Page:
Venezuelan President Nicolás Maduro and members of his inner circle gave orders, coordinated activities and supplied resources for arbitrary detentions, torture, disappearances and extrajudicial killings, acts that constitute “crimes against humanity,” investigators from the United Nations’ top human rights body concluded in a report released Wednesday. They recommended that their findings be probed by international courts.
U.N. investigators have repeatedly reported patterns of human rights abuses in the authoritarian socialist state. But the findings issued Wednesday were the closest they have come to establishing a chain of command that leads directly to the autocratic Maduro.
The 411-page report could ramp up international pressure on the 57-year-old former union leader, who succeeded the late Hugo Chávez in 2013 to lead a police state ruling a nation in economic collapse. Maduro is seeking to break his international isolation by wooing the European Union to send observers for upcoming elections.
“The mission found reasonable grounds to believe that Venezuelan authorities and security forces have since 2014 planned and executed serious human rights violations, some of which, including arbitrary killings and the systematic use of torture, amount to crimes against humanity,” Marta Valiñas, who chaired the U.N. Mission on the Bolivarian Republic of Venezuela, said in a statement.
U.N. human rights chief Michelle Bachelet last year released a report documenting the torture, arbitrary arrest and killing of government opponents. But the findings issued Wednesday, based on investigations of 223 cases and reviews of nearly 3,000 others, appeared to go a step further.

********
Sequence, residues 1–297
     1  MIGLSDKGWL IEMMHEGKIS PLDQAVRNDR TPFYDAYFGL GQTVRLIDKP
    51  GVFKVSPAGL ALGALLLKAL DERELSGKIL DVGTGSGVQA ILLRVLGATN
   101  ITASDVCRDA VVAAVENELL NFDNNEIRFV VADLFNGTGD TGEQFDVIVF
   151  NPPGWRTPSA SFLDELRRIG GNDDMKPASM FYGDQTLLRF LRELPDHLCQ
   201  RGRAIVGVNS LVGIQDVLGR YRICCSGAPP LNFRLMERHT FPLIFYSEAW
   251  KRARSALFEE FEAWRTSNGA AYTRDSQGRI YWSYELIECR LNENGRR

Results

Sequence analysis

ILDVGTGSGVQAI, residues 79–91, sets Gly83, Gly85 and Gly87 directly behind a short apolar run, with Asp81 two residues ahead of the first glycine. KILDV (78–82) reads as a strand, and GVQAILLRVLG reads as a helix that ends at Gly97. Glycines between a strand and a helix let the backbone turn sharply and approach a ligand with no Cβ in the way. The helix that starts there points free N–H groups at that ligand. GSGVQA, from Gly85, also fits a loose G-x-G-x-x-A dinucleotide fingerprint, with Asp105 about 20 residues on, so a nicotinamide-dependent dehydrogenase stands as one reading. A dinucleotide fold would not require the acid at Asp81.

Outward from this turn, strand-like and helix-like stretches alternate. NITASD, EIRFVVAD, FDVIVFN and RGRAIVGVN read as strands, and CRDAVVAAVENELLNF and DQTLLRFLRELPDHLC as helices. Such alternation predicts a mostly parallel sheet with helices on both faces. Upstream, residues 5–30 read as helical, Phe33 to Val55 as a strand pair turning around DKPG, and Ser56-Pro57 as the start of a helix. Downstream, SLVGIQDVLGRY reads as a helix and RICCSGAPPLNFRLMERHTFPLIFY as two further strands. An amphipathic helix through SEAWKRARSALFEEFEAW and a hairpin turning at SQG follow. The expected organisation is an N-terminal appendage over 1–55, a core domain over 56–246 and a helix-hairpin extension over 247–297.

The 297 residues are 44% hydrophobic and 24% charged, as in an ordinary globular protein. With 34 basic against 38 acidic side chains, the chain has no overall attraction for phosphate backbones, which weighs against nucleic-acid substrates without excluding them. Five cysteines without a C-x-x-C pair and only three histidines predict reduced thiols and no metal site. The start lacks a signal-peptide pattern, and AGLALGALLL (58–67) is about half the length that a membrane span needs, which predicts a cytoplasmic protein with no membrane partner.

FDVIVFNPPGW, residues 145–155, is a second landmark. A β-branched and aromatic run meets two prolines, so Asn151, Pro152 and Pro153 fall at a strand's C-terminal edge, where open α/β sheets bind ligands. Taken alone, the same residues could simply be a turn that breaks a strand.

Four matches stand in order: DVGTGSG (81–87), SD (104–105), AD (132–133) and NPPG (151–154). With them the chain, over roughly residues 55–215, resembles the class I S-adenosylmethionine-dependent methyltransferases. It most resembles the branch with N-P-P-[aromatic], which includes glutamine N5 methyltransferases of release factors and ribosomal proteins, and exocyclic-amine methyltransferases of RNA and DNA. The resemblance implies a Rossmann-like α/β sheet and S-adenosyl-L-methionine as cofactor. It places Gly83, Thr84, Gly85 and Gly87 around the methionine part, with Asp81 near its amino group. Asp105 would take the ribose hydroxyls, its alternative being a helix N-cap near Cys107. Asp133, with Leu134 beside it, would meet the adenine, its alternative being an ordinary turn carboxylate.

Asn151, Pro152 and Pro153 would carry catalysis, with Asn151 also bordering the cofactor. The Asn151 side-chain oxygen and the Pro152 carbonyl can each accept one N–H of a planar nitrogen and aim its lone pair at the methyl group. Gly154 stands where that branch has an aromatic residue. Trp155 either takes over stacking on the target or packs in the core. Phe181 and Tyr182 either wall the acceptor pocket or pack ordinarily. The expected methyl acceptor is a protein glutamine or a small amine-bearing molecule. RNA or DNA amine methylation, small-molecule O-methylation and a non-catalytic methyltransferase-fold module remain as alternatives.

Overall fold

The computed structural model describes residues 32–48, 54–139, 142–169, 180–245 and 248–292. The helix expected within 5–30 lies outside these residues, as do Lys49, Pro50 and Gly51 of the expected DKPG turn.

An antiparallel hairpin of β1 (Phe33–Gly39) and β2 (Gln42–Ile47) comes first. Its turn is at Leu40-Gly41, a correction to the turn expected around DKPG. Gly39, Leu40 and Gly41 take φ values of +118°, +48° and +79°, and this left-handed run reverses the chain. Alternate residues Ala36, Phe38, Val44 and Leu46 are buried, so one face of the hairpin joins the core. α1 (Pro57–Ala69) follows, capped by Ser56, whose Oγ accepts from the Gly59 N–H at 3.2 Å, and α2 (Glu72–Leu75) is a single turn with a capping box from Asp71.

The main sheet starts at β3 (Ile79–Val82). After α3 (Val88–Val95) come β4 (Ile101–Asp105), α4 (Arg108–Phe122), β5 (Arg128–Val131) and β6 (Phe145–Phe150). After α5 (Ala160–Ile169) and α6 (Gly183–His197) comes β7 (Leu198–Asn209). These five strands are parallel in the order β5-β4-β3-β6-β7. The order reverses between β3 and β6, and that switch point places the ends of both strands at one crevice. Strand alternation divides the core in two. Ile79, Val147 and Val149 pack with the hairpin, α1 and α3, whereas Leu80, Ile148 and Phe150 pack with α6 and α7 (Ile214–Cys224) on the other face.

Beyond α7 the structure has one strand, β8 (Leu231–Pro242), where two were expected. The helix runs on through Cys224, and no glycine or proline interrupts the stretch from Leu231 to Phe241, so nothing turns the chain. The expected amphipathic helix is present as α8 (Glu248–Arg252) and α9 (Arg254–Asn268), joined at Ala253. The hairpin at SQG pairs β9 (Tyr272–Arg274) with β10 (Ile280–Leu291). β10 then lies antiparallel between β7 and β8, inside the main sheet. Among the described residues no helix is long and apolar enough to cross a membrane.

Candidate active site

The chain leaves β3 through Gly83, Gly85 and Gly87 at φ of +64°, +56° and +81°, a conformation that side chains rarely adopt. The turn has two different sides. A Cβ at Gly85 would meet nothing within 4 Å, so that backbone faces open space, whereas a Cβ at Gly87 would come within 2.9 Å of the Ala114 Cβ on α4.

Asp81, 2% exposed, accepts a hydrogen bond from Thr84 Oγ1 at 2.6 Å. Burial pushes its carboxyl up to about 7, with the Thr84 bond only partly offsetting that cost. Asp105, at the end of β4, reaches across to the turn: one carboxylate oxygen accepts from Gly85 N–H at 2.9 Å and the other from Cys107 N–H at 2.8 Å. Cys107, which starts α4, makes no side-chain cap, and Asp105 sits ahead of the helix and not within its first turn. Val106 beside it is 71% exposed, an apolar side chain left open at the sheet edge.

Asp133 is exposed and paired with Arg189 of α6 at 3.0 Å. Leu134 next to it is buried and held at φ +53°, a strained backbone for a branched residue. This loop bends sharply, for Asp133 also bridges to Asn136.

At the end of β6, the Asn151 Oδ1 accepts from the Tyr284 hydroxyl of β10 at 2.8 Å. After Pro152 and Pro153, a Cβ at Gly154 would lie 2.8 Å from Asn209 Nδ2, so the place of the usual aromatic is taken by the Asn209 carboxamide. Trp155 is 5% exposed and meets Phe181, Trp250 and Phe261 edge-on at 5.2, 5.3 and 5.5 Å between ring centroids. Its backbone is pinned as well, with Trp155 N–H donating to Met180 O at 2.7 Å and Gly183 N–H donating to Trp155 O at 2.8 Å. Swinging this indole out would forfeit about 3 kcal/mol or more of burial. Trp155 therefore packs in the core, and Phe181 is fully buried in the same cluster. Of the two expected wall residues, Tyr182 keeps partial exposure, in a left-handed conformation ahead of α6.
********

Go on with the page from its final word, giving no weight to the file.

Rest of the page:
“This is the first time that they are being very clear that crimes are under international law and that President Maduro, and his minister of defense and interior, have all been involved,” said Valentina Ballesta, Amnesty International researcher for South America. “Some of the crimes were systematic and widespread enough to be considered crimes against humanity.”
The report could be used to aid in the prosecution of senior officials at the International Criminal Court in The Hague or in countries that allow universal jurisdiction for crimes against humanity.
Venezuelan officials did not respond to a request for comment Wednesday.
Foreign Minister Jorge Arreaza tweeted that the report had been “prepared remotely . . . by a phantom mission directed against Venezuela and controlled by governments subordinate to Washington.”
The U.N. Human Rights Council created a three-member panel last year to lead a team of 13 professionals based in Panama City, Panama’s capital. The Venezuelan government denied the mission entry and did not cooperate with its investigation.
The investigators separated abuses into two main categories: repression of political dissent and excessive force used to control crime. They said Maduro’s feared Special Action Forces were responsible for 64 percent of the deaths they reviewed.